And so I think both of these documents do that quite effectively, and that's what I like about it. I know there's criticism that climate change has fallen off of it and North Korea isn't as prominent as maybe some people feel it should be and debt fell off, and that's not to say that the debt or climate change aren't threats to national security, because they actually are, but where are you going to put your limited resources? I mean, we've already talked about this being from a budgetary standpoint aspirational, so where are you going to draw the line with what you can and can't do? I think this document has done a very good job in that matter.

Brian Hanson: As we close I want to bring it back to the individual level here of the listener, we've had a really robust and interesting conversation about strategy defense, strategy ... Some people's eyes may glaze over and say, that's all fine and good but what's it have to do with me? For somebody listening to this show, why should they care about this? Why is it important to them in their lives?

Thomas Bodine: Yeah. So I think first and foremost I go back to my statement about China and Russia being revisionist against international arms. If you got to ask that question, go speak to the folks in Georgia or the folks in Ukraine, go talk to the Philippines who won at The Hague but China said "we don't care what they say about your territory, this is our territory," and Russia's doing much the same same way, and if you think that both China and Russia's aspirations stop there then you're not paying attention. So I think it's important for the average US citizen to take a look at that and go, "Okay, what do we need to do to make sure that we check what has already occurred and possibly bolster the international norms which have allowed us to prosper over the last 70 years?"

Combine that with ... I think there is a clear link in these two documents between America's prominence within the world tied to both their military and their economics. That is clear-cut in both of these documents. If you read it, it's undeniable. So for the nonmilitary types, you need to take a look at the economics and what undergirds that economic success that we've had, and that's a good military, a strong globally deployed military that is capable of enforcing international norms and standards in areas where there's nobody else to do it and in areas in which actors who don't agree with that last 70 year's rule, are looking to actively change those rules in their favor. If you want to continue to have the economic success that has driven our peace and prosperity, then we need to take a hard look at the security environment and what strategies we need to do to implement, especially on the military side, to ensure that we maintain those same economic appendages that we've enjoyed to this point.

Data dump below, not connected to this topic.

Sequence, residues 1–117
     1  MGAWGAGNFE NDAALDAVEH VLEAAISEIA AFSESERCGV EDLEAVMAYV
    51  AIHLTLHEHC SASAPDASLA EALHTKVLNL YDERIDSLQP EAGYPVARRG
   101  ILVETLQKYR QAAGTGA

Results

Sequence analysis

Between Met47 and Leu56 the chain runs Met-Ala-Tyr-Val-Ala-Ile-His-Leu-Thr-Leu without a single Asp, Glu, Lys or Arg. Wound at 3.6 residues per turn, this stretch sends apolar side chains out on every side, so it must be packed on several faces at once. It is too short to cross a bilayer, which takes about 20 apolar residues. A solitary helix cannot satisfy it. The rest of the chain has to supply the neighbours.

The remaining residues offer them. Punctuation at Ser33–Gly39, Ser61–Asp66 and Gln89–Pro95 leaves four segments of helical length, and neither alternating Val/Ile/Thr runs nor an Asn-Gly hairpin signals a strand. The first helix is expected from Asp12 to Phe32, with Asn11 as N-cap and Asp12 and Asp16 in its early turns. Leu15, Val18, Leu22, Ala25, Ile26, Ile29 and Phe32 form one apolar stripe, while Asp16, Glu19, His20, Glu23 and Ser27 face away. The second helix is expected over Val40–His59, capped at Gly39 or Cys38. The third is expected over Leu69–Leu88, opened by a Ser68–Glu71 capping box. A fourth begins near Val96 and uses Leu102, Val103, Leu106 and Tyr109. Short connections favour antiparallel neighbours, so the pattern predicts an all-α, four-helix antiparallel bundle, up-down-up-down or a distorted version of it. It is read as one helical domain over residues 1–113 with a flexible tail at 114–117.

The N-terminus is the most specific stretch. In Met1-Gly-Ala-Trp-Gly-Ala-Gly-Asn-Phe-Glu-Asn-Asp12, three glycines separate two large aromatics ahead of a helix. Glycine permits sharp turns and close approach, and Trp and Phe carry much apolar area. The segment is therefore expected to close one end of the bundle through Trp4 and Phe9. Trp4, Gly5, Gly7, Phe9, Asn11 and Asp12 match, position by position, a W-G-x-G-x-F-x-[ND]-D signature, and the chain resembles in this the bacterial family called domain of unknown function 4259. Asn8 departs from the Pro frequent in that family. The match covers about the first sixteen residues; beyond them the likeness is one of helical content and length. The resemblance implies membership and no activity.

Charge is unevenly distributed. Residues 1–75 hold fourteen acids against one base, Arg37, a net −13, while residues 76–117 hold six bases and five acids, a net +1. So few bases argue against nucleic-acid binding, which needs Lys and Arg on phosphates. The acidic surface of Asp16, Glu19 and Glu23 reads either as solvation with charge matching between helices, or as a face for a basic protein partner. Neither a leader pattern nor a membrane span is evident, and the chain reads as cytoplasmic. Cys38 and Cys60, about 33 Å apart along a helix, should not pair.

Brian Hanson: Thanks, Tom. I really appreciate the discussion. I think you've done a great job of opening up what can be opaque documents and connecting them to really important issues in our world today. So thanks so much for being here.

Thomas Bodine: Yeah. Thanks for having me.

Brian Hanson: For Deep Dish listeners, I'd like to invite you to come to the Deep Dish Facebook page where you'll be able to ask questions about this episode and the conversation I had with Tom, and he will reply to your questions online. So check it out, Deep Dish Facebook page, Deep Dish on Global Affairs' Facebook page, and please extend the conversation by engaging Tom with what you want to know about.

Thank you for tuning into this episode of Deep Dish on Global Affairs. As a reminder, the opinions on Deep Dish are those of the people who express them and not the institutional views of the Chicago Council on Global affairs, or the United States Navy in this case. If you liked the show, please subscribe and share our show with someone who you think would enjoy it as well. You can find this podcast under Deep Dish on Global Affairs wherever you listen to podcasts. Deep Dish is produced by Evan Fazio. I'm Brian Hanson, and we'll be back soon with another slice of Deep Dish.